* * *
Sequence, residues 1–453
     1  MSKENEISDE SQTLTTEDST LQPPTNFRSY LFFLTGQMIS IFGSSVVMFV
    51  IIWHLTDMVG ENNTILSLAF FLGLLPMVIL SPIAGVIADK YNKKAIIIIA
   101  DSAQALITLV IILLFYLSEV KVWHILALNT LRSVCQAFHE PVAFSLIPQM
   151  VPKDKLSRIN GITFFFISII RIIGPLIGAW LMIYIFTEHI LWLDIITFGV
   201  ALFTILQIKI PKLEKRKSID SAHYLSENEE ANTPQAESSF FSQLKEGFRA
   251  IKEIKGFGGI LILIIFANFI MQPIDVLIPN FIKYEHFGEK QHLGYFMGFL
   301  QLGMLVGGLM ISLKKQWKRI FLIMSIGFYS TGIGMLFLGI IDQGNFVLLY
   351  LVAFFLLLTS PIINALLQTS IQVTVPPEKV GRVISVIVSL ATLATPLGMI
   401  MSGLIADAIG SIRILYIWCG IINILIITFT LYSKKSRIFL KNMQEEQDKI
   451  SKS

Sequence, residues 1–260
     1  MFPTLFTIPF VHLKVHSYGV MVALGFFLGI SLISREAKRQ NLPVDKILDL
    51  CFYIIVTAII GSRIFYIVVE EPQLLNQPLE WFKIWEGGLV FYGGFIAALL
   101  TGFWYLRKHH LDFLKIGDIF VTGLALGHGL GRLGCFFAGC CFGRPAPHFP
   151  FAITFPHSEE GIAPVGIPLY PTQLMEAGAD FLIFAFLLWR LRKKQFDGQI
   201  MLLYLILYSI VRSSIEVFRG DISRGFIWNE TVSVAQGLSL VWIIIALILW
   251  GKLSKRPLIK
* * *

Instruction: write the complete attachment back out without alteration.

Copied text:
Sequence, residues 1–453
     1  MSKENEISDE SQTLTTEDST LQPPTNFRSY LFFLTGQMIS IFGSSVVMFV
    51  IIWHLTDMVG ENNTILSLAF FLGLLPMVIL SPIAGVIADK YNKKAIIIIA
   101  DSAQALITLV IILLFYLSEV KVWHILALNT LRSVCQAFHE PVAFSLIPQM
   151  VPKDKLSRIN GITFFFISII RIIGPLIGAW LMIYIFTEHI LWLDIITFGV
   201  ALFTILQIKI PKLEKRKSID SAHYLSENEE ANTPQAESSF FSQLKEGFRA
   251  IKEIKGFGGI LILIIFANFI MQPIDVLIPN FIKYEHFGEK QHLGYFMGFL
   301  QLGMLVGGLM ISLKKQWKRI FLIMSIGFYS TGIGMLFLGI IDQGNFVLLY
   351  LVAFFLLLTS PIINALLQTS IQVTVPPEKV GRVISVIVSL ATLATPLGMI
   401  MSGLIADAIG SIRILYIWCG IINILIITFT LYSKKSRIFL KNMQEEQDKI
   451  SKS

Sequence, residues 1–260
     1  MFPTLFTIPF VHLKVHSYGV MVALGFFLGI SLISREAKRQ NLPVDKILDL
    51  CFYIIVTAII GSRIFYIVVE EPQLLNQPLE WFKIWEGGLV FYGGFIAALL
   101  TGFWYLRKHH LDFLKIGDIF VTGLALGHGL GRLGCFFAGC CFGRPAPHFP
   151  FAITFPHSEE GIAPVGIPLY PTQLMEAGAD FLIFAFLLWR LRKKQFDGQI
   201  MLLYLILYSI VRSSIEVFRG DISRGFIWNE TVSVAQGLSL VWIIIALILW
   251  GKLSKRPLIK